Representations of Indian ascetics: from Johann Martin Honigberger’s memoir to early twentieth century Romanian newspapers and journals
Keywords:Indian ascetics, East-European travellers, Johann Martin Honigberger, Romanian periodicals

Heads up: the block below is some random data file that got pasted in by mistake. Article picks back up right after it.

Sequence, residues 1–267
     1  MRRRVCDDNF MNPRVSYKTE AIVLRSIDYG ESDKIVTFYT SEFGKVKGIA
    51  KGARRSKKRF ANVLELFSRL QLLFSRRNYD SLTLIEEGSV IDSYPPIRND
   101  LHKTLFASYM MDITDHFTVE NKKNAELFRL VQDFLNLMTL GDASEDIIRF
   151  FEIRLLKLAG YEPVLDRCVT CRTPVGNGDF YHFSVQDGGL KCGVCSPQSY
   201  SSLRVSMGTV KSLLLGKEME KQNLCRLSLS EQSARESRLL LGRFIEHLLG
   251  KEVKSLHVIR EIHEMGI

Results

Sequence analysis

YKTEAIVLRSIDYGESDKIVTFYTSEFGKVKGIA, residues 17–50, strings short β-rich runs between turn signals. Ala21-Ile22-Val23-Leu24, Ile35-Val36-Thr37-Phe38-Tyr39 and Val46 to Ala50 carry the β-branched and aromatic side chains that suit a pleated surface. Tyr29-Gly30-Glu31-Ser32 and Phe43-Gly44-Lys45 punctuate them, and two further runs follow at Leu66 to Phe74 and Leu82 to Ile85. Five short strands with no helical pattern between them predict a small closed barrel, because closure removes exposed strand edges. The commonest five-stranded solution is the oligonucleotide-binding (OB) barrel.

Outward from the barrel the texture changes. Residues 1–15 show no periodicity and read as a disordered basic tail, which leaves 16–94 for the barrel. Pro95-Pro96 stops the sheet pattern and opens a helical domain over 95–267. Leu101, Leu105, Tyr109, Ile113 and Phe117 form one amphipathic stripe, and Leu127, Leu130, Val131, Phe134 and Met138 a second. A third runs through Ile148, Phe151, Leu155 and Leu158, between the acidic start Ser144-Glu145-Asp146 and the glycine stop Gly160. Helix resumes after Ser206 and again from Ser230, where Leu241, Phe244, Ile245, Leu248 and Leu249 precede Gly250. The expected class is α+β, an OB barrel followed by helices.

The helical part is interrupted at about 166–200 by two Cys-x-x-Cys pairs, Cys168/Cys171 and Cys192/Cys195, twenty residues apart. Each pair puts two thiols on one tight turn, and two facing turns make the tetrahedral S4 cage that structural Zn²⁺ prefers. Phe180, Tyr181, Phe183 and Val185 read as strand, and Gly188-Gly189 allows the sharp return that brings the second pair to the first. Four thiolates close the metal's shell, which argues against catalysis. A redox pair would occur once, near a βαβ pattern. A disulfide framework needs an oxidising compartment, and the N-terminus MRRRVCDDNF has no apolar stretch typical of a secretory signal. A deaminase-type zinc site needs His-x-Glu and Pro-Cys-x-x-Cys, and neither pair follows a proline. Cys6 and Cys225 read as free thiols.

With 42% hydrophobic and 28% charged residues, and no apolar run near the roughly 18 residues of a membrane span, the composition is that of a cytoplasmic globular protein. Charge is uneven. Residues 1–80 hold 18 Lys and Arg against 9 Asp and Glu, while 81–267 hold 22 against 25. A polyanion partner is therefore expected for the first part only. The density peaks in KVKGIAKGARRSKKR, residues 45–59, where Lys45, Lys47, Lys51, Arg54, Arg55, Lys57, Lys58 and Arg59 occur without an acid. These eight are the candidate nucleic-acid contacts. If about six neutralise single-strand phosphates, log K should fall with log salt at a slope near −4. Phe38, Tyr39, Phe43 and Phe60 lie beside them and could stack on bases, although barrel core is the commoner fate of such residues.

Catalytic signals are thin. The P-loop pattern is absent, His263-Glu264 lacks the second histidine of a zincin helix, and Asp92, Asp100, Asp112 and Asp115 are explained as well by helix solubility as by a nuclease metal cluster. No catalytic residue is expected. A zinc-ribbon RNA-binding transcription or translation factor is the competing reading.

In recent times, Indian ascetics have become pop icons due to the influence of visual entertainment media. Outside their country of origin, they are often negatively stereotyped to foster derogatory understandings of the Others and their cultures. In this paper, we will focus on representations of Indian ascetics. Starting with their early depictions in the memoir of the Transylvanian physician Dr Honigberger, we will examine their representations in Romanian newspapers and journals. In order to account for Romanian interest in ascetics from a faraway land, this paper will take into consideration the historical developments that led to the growth of European interest in them. Through a comparison between nineteenth century British (Osborne 1840) and East-European (Honigberger 1851, 1852) writings on Indian ascetics, we will try to understand whether conceptualization of Indian ascetics in Romanian-speaking territories differed in any way from that of the British colonizers in India. The paper will then move on to examine how the Romanian press conceptualized these ascetics. Evidences point to the fact that the Romanian press became interested in Indian ascetics, erroneously generalized as fakirs, from ca. 1900 to 1940. Analysing Romanian journal and magazine articles on Indian fakirs, which till now remain untranslated into English, this article will try to show how the Romanian press conceived of the ascetics of a faraway country. Our research methodology is based on text analysis, relying on a broader cultural perspective. For the purpose of this paper, we have selected a series of article samples, taking into consideration diversity in terms of regions (southern Romania and Transylvania), as well as the most relevant period (1906-1935). The interest in Indian sadhus and their doings basically emerged starting with the mid-nineteenth century. Yet over the following decades accounts have changed in terms of focus. While nineteenth century authors were primarily concerned with the physical aspects of their work, texts written in the first decades of the twentieth century suggest that journalists and writers generally looked at the more surprising and entertaining side of fakirs’ actions. Finally, the paper suggests why Romanian press lost interest in Indian ascetics after the 1940s.
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